Boardman FS Pro
  • CiB
    CiB Posts: 6,098
    I use Di2 - replaced the mechanical Ultegra with an aftermarket full Ultegra Di2 setup just under 2 years ago. It's a toy, one of the best toys ever invented in World Of Cycle, and I've loved every minute of it bar the occasions when I had issues with it. In my instance it seemed to take a dislike to being out in very cold very wet weather; doing that caused the battery to discharge very rapidly. My dealer tells me they've never seen that on any other setup they've done, but it seems to be resolved now anyway. Simple answer is not to use the nice bike with Di2 on dirty grimy close to freezing days and use the winter hack instead. That seems to be what normal people do anyway - don't use your best bike with the most expensive bits in sh!te weather. I've never heard of anyone else having the problem I saw though.

    Observations: battery life is immense. I went from installation in early March to the end of May on one charge. I have to charge my phone once a week or so, and the iPad every day. The bike gears need charging when the moon is blue; it's just not an issue.

    Gear changes are slicker than slick can be, and require virtually no effort. It's easy to slip into exaggeration mode and describe changes as telepathic, which is nuts obviously but it's not far off. Changes are always bang on - instant, crisp, perfect. You either hit it or if you miss the switch or don't quite think hard enough to make the change ( :) ) nothing happens. Gear changes when stomping up a hill always work first time without the chain jumping over the cogs or falling down between ring & frame. The self-trimming is neat when the chain line steps over to where you'd normally do a manual trim - Di2 looks after that for you.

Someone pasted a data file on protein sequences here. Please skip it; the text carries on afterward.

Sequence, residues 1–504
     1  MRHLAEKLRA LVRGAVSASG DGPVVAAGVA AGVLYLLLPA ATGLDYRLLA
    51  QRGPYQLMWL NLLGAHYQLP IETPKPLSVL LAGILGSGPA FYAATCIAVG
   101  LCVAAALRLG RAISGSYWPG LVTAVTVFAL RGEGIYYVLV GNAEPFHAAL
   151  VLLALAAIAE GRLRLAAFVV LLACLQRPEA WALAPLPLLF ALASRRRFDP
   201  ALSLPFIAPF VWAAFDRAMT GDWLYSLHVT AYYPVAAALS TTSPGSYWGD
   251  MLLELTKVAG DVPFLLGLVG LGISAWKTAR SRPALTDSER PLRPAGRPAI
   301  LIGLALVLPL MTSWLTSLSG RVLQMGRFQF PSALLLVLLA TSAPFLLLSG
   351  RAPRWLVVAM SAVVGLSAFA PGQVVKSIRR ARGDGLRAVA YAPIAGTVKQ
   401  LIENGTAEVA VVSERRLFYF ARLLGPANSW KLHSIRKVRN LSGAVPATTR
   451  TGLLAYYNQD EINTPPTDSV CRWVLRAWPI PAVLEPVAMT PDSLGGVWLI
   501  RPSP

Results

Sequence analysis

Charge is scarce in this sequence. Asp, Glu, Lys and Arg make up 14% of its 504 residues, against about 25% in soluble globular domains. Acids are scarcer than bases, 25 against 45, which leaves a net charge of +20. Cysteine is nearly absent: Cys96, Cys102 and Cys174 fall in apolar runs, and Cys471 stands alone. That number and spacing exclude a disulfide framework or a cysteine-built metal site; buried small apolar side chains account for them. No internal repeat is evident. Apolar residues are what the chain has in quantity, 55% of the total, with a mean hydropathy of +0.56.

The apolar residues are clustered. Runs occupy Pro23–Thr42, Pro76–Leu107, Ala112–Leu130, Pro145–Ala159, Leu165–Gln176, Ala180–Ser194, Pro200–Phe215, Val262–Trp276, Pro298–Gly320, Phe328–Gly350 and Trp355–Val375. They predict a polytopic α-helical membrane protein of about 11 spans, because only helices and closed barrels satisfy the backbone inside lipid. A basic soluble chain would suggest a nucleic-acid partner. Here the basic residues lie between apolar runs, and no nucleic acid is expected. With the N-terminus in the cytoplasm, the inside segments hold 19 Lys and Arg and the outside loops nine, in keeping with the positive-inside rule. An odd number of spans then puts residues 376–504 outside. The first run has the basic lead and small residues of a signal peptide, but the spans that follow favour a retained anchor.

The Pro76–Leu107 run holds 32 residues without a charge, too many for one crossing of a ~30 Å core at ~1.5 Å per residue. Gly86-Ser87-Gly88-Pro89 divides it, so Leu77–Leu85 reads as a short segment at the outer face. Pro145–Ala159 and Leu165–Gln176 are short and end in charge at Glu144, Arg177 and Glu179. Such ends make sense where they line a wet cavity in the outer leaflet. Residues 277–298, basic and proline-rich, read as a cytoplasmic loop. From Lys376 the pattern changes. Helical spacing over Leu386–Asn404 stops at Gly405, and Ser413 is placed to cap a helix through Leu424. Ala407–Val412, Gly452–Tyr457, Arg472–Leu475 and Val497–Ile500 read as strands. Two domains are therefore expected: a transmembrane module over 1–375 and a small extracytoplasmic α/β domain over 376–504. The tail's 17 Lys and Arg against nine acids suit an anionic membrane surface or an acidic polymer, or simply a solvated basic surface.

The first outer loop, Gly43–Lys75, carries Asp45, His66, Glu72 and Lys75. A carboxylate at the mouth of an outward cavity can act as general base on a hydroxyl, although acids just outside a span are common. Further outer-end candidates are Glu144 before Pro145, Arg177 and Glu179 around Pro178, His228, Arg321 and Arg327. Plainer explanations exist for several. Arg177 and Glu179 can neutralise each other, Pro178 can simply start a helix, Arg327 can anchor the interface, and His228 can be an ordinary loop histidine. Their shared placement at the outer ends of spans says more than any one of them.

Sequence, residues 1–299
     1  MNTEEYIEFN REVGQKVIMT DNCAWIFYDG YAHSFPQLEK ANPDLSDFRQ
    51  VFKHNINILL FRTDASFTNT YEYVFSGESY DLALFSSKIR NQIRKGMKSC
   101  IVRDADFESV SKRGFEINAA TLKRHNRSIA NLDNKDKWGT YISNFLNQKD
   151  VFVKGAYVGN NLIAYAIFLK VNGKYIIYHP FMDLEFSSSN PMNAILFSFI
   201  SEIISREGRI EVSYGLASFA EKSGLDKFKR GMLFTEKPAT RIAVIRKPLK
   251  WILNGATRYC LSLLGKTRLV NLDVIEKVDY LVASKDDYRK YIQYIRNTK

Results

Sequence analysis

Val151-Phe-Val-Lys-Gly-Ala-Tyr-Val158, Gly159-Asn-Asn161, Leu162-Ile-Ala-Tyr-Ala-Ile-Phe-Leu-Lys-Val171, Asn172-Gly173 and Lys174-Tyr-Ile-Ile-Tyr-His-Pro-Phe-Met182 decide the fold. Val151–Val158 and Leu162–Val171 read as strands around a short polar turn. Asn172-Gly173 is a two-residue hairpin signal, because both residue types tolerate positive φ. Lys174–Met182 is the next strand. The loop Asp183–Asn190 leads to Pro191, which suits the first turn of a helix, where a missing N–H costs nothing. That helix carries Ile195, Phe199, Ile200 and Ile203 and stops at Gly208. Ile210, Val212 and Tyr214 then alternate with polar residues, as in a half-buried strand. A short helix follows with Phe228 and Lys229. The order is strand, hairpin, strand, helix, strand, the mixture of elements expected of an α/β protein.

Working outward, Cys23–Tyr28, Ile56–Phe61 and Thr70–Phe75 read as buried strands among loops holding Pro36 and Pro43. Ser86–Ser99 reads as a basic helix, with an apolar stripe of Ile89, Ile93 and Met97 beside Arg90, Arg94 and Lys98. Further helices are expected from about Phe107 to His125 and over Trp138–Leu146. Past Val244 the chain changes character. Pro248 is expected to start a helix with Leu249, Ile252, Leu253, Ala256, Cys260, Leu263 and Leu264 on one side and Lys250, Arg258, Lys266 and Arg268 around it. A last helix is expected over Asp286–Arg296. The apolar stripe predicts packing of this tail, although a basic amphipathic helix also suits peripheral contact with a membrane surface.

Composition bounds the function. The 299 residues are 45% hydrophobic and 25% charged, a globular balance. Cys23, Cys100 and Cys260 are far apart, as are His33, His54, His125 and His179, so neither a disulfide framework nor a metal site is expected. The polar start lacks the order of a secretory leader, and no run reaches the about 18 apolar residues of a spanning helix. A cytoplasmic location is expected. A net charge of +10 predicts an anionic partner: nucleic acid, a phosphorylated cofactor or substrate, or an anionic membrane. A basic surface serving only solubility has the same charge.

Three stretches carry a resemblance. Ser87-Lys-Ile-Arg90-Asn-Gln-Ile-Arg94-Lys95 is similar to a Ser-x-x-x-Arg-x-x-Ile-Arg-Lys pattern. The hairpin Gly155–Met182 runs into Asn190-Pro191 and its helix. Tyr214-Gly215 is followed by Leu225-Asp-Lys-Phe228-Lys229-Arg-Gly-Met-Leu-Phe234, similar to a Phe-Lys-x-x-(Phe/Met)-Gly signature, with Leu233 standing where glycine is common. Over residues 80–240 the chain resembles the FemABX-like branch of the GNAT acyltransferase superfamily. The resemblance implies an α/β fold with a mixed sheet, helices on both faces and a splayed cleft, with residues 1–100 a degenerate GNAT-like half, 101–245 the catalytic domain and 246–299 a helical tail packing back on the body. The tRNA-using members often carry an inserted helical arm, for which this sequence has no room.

Since building the winter hack with the spare Ultegra mechanical gears on it the biggest difference difference I've noticed is the amount of lever movement to effect a gear change. Granted it's not much for either (mech or Di2) but after 18 months of gear change by thought transference, the long push on the lever to shift the mech far enough to drop up or down a gear is noticeable. It's not life-changing, nothing is on a bike, but if you ask me do I want a slight flex or a long push of the finger to change gear, I know which I prefer.

    Indexing Di2 generally doesn't need to be done as there's no cables to stretch, but you might swap wheels occasionally or just want to do it for the fun of it. You can do that on a workstand, with OH holding the back wheel off the ground or when you're ambling along on it at a steady pace - indexing on the move is easy, and satisfying. So is the noise the front mech makes on change or when self-trimming. The rear mech is almost silent; not sure why the difference.

    Installation is best done by people who know what they're doing as there are a few gotchas to watch out for but once it's on it's easy to look after. I've never broken a gear cable (I don't think), can index mechanical gears in the time it takes to drink a cup of tea but would still plump for Di2 on the next bike. I love them, the whole ease of use, always perfect gear change, changing on a climb, the knowledge that gear changes just happen; it's neat.

    I accept that for some people everything about cycling became perfect at some point in the past, whether that was 1976, 1985, 1992 or whenever, and that any changes from that peak are pointless and unnecessary. That's a fair view; my view is that toys like bike computers, Garmin, Di2 all add to the fun. If you fancy electric gears, go for it. The chances of you being disappointed or regretting it are slim, and if the only downside is that some people on the internet don't get it or just plain dislike this sort of thing, that's not your problem.
  • 964cup
    964cup Posts: 1,362
    ^^this^^

    I've got 7970 (10-speed DA di2) on my best bike; installed it myself after watching the Shimano training video and have had zero problems since in more than 1000km in all weathers. I've charged it once.